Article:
(THOMAS NORTHCUT/GETTY IMAGES)
Relatively young patients with simple blockages and few health problems tend to have the smoothest operations and quickest recoveries.
Shorter hospital stays
If all goes especially well, some patients may be allowed to go home in as little as three days post-op. A 2007 study found that patients who get released early after bypass surgery have no more complications than those who stay longer.
Sawed in Half
He didn't want details about heart surgery Watch video
Still, it usually takes a full five days to go home, as John Maiorana, of Virginia Beach, Va., discovered when he had quadruple bypass surgery 10 years ago at age 55.
"I sat on the recliner for a couple of days after that, feeling very vulnerable" says Maiorana. "I was walking on eggs. But after a while, I decided my heart was repaired."
The pain can be surprising
A quadruple bypass in 2004 taught Tammy Estep, now 50, a hard-won lesson about traditional bypass surgery: No matter how much a person worries ahead of timeand she worried plentythe aftermath comes as a shock. "Doctors can't tell you how your body will feel," says the Buffalo, N.Y., resident. "It's something that you have to experience for yourself." Not that you'll ever want to, says a heart patient in this video.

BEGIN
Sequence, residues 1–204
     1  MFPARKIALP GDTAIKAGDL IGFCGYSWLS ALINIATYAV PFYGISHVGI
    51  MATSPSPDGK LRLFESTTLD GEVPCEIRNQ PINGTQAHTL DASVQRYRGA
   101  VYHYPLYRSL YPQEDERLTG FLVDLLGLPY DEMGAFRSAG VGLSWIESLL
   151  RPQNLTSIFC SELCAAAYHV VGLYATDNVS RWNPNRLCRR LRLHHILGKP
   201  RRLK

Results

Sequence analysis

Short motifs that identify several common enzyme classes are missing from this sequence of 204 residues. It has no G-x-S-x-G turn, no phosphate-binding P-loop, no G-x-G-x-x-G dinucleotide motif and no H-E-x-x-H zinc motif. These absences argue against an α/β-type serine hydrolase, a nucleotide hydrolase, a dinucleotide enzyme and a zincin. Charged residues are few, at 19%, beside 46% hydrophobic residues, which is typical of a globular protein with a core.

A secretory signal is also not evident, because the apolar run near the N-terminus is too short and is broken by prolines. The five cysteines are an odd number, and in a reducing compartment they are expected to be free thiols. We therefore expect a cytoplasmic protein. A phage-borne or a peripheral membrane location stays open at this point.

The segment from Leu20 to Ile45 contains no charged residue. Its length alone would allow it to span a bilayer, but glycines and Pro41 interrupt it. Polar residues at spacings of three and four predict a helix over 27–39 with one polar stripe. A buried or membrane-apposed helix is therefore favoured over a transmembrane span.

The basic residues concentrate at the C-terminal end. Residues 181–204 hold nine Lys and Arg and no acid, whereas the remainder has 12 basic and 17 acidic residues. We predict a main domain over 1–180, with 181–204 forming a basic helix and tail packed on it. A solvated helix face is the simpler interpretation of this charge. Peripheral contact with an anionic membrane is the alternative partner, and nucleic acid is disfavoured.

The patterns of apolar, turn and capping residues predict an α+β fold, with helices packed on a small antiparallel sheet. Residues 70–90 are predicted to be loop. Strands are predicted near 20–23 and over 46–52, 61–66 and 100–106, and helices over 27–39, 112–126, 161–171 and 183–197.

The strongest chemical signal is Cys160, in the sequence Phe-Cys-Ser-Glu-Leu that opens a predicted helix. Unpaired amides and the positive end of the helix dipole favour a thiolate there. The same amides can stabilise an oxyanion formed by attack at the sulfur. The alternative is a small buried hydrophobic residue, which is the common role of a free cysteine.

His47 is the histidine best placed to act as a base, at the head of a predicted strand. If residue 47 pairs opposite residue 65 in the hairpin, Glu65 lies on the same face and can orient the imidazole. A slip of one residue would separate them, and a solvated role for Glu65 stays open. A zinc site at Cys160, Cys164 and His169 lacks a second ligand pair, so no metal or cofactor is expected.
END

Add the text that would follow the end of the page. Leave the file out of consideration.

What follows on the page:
Estep's recovery included constipation, a side effect of her pain medications. But her big problem was the itchy, painful, eight-inch gash through the center of her sternum. "It's not the heart that takes time to recover," she says. "It's the incision."
Cardiac rehab speeds recovery
The slowness of Maiorana's recovery pushed him to attend a cardiac rehabilitation program at his local hospital. The supervised exercise and nutrition counseling armed him for the recovery ahead.
Now he runs and lifts weights several times each week. He also sticks to a healthy, low-fat diet to protect his arteries and reduce the chance that he'll ever have to have his chest opened again.
Last updated: May 19, 2008